Many studies have shown the importance of nature to our physical, mental, spiritual and emotional wellbeing. Spending time in nature is thought to have such a profound healing effect that many doctors prescribe walks in the park, long hikes, and other nature-based activities to patients with anxiety and depression. Just in the last month, doctors in Scotland’s Shetland Islands also began prescribing “nature”, in the form of listening to birdsong, picking up driftwood and more, to patients with chronic illnesses as part of their overall treatment strategy.
Indeed, immersing oneself in nature is so beneficial to human health that the Japanese even coined a term for it in the 1980s. “Shinrin-yoku”, which means “taking in the forest atmosphere”, has also become a cornerstone of preventive health care and healing in Japanese medicine.
With exposure to nature having so many benefits, it’s easy to see why it’s such an important component of the newly launched Chōsen Experiences South Africa program, which sees attendees participate in wildlife experiences like rhino spotting, camping under the stars and canyoning. Actively leveraging the natural environment has, in fact, long been a part of the Chōsen program, because it helps maximize the learning impact of the Experience.
But how exactly does nature help us be better humans? Besides improving our physical fitness by getting us to move, experiencing nature has a positive effect on the brain. In studies, it’s been shown to restore depleted attention circuits, thus boosting our creativity and problem-solving skills and improving our ability to focus and process information.
Living in the city, where we’re constantly bombarded by noise, information and other distractions, can also make our brain tired. When we spend time in nature we give our fatigued brain a chance to slow down. After even just a brief period in a natural setting, the brain is rejuvenated and ready to resume mentally demanding tasks with renewed energy.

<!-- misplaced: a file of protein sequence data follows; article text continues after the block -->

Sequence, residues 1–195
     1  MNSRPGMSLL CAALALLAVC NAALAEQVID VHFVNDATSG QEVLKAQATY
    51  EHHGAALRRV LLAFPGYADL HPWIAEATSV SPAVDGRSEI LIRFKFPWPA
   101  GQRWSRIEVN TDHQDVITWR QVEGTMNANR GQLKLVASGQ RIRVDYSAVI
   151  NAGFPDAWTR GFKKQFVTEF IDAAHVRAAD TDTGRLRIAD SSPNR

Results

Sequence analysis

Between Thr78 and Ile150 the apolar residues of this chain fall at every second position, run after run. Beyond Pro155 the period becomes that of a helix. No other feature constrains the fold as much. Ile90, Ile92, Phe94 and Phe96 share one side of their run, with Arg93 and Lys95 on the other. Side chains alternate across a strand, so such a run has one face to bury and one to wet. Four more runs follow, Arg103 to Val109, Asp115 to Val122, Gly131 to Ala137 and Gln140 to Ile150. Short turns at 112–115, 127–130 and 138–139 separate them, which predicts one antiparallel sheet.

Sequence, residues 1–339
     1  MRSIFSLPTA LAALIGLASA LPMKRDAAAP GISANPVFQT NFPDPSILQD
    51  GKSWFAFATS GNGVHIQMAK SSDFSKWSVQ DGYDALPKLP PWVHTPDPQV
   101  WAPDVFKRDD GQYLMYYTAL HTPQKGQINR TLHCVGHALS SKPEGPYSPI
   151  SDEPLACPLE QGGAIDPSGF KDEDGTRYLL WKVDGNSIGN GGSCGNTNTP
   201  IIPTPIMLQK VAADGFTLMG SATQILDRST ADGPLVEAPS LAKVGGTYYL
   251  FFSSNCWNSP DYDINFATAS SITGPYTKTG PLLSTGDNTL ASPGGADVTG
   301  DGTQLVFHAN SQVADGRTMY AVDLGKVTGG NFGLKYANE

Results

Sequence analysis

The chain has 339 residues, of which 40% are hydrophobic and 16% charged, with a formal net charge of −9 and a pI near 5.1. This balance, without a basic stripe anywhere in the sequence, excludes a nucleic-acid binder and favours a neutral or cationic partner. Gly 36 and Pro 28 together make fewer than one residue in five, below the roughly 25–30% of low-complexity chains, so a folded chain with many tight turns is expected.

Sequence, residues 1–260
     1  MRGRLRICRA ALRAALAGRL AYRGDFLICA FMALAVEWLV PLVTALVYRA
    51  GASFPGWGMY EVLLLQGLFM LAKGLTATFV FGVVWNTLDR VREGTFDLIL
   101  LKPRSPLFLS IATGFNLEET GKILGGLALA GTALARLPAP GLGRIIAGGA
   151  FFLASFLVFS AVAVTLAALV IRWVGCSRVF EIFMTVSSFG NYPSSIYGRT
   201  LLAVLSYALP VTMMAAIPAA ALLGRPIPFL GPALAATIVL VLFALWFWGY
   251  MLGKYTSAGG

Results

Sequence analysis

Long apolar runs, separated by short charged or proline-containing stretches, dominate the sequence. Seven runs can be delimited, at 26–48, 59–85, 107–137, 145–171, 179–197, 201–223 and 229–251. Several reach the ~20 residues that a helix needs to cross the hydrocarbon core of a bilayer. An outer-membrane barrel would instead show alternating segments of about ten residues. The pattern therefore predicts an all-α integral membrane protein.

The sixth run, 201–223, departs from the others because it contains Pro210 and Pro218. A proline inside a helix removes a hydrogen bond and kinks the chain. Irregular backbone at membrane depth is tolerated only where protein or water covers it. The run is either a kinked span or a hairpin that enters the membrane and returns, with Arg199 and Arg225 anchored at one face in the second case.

Furthermore, nature is a mood booster. In a Stanford University study, participants who walked in a natural setting versus an urban setting showed increased activity in the subgenual prefrontal cortex, an area of the brain whose deactivation is linked to depression and anxiety.
It also goes without saying that people who spend a lot of time in nature are more relaxed. There’s something to be said for the calming, nurturing effect of watching a sunset or waterfall, taking shelter under a canopy of trees, feeling the damp earth beneath our feet, inhaling a lungful of fresh mountain air and tasting the salt of the ocean on our tongue. What is more, natural settings are more conducive to quiet contemplation, thereby heightening our sense of self-awareness and opening us up to greater self-reflection and self-evaluation.
There are so many ways to connect with nature, from passive activities like mindfully observing an animal in the wild, gardening, resting on a sunny patch of grass and smelling a fragrant flower, to more active, high-energy ones like surfing, skiing, hiking an outdoor trail and rock climbing.
However you choose to enjoy the great outdoors, you’ll want to surrender yourself to the beauty of your surroundings and take your time appreciating every sight, smell, touch, taste and sound – this is what it means to be truly one with nature.